I just hate not being able to get up a challenging 4WD track. What makes it even worse, though, is when there’s a crowd watching you do it.
Unfortunately for me, that’s exactly what happened when Nissan invited CarAdvice to drive a test mule of its incoming, range-topping Navara N-Trek Warrior.
This is not just another allotment of black styling and special names – the kind of thing that manufacturers seem to be only so happy to trot out in an effort to drum up some excitement. ‘Warrior’ designation means this Navara has been modified with all of the good stuff: suspension, wheels, tyres, protection. They’re talking my language.
I’m not thinking about all of this as I once again make an assault on this steep, soft sandy climb in the Victorian Big Desert area. The twin-turbo diesel clatters hard under the bonnet, skinny pedal welded to the firewall and sand flying out the side. We rock from side to side, but momentum once again wanes and we bog down. Just, just shy of the crest. What I wouldn't give for a few PSI to come out of the tyres.
It’s no fault of the vehicle; others at the event were able to make the climb. Maybe I just wasn’t ruthless enough, I don’t know. I'll come back one day, maybe in my own 4WD. Anyway, enough about my failings. Let’s look at the car in question.
Like I mentioned, we’re looking at a test mule here. It’s a Navara ST-X that Nissan handed over to the Australian automotive engineering outfit Premcar to bash about in over a series of weeks.
It’s not an exercise in frivolity. Premcar has been tasked with designing, engineering, testing and validating a special, off-road-focussed version of the Navara that will sit right at the top of its range.
Like everyone else, Nissan has seen a shift towards super-higher-grade 4x4 utes: Ranger Raptor, HiLux Rugged X, Colorado Xtreme. Not to mention big-dollar options like the Ram 1500, Amarok 580 and X350d. The Navara has hit a glass ceiling of sorts with the ST-X.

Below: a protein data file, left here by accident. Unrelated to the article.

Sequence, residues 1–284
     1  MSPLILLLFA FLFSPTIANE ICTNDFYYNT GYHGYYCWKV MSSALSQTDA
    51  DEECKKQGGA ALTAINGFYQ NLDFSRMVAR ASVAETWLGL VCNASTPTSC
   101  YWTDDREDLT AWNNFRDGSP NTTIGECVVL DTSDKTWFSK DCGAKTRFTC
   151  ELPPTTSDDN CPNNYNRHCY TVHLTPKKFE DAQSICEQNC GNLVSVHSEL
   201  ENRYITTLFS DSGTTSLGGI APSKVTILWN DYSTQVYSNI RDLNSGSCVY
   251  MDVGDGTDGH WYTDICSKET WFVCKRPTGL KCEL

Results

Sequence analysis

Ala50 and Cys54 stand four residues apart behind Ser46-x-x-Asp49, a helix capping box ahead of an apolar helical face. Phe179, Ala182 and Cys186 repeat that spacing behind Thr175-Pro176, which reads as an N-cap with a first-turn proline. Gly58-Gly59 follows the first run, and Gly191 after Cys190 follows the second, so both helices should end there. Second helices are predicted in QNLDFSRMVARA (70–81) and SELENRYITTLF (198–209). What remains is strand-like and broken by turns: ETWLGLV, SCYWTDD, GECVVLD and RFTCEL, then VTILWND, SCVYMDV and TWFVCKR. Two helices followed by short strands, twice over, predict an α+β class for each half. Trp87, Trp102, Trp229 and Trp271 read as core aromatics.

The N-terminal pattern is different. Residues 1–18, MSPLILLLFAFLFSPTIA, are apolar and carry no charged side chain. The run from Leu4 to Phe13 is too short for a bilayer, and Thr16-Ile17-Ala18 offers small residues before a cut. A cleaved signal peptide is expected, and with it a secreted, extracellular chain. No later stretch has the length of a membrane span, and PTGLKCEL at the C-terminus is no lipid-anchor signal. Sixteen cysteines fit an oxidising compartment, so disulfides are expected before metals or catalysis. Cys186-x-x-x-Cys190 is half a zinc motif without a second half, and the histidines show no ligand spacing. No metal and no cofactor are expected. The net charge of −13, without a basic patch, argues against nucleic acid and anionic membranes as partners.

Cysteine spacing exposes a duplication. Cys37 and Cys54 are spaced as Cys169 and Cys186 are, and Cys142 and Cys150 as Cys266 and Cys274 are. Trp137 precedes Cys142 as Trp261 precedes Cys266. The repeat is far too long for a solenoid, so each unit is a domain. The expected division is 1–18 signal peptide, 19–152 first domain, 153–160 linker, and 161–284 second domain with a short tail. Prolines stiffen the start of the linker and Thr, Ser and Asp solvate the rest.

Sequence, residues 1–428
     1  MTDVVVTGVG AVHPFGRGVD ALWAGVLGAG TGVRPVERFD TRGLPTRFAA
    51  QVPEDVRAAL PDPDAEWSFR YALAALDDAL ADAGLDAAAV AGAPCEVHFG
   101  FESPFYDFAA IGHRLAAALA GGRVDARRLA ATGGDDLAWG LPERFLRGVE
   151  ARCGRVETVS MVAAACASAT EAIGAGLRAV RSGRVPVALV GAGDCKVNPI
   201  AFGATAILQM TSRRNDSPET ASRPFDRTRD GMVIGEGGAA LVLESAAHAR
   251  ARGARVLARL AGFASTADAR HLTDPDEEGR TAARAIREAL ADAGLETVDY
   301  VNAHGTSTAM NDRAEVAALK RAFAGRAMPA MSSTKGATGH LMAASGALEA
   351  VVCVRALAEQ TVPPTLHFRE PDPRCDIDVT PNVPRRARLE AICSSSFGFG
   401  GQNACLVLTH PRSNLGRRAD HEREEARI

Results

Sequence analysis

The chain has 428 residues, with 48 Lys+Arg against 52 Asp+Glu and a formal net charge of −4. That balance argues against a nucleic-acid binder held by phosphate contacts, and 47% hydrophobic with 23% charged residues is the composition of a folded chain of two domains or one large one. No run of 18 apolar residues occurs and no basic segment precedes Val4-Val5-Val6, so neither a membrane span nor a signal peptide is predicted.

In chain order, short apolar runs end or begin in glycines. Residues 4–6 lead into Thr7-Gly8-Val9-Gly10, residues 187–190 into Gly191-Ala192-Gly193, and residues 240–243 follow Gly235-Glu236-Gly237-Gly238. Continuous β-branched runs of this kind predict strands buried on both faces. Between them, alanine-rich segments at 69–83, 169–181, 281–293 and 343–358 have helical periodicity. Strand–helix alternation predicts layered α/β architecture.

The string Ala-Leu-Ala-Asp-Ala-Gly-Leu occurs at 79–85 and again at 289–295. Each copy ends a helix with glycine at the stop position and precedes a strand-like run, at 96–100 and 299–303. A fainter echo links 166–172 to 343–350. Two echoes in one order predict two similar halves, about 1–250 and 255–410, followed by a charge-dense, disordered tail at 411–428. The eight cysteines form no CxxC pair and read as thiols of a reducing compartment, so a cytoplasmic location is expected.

Premcar was given a broad canvas on which to express its work. Nissan’s directive was to build Australia’s best-looking Navara, with the imaginary buyer being a ‘mad grey nomad’. It’s a strange concept, but once explained it makes sense.
Grey nomads are hard on their vehicles, from a loading point of view. Many meet or exceed towing and gross capacities, which puts big stress on the suspension, chassis and driveline. That's why heavier-built 4WDs make good tow rigs.
Nissan doesn’t want to throw the utility baby out with the capability bathwater. While being better and more fun to punt around off-road, the Navara needed to keep the core ute attributes of payload, towing capacity and durability intact.
While the end result will certainly look different, what we have here is 99 per cent of what the final product will have in terms of suspension and tyres.
Premcar has been doing work like this for years. The company used to be called ProDrive, and was at the heart of FPV and TRD work, along with the highly vaunted ‘Holy Grail’ Falcon. Like I said, they’re talking my language with this Navara. Let’s have a look at what they have done.
First up is a 42mm suspension lift, 20 of which is achieved by new-specification coil springs. The rears are still a progressive-rate set-up that first appeared in the Series 3 Navara. Going away from conventional thinking, the front springs are softer. A longer free-standing spring height achieves the required lift, and is a much better way to go for an off-roading 4WD. You don’t want stiff springs, as this ain’t no bitumen-bound race car.
These are matched up by new dampers made by the same OEM supplier (Tenneco). One bit of good news about these dampers is that they are bigger, with a 35mm piston and twin-tube design. That means there is more oil inside the shock, and they’re better equipped to deal with fade-inducing, high-oscillating action that comes with off-roading.
Along with having a correctly tuned length, these shocks are also able to have their compression and rebound damping fine-tuned to suit the application, and what kind of driving characteristics they want in the end product.
At the scene, there was a funny-looking horse float that smelled like hydraulic oil. It was full of disassembled shocks, shim stacks and a shock dynamometer. This lets Premcar build and rebuild shocks with different tunes onsite, which it can then field-test to its heart’s content.
The final piece of the suspension puzzle is a redesigned bumpstop, which has a more progressive nature about it. Simply, a small slab of rubber that stops the steel suspension from crashing into the steel chassis. This is a fairly hard and shallow piece of rubber on a regular Navara. It certainly lets you know when maximum up-travel has been achieved.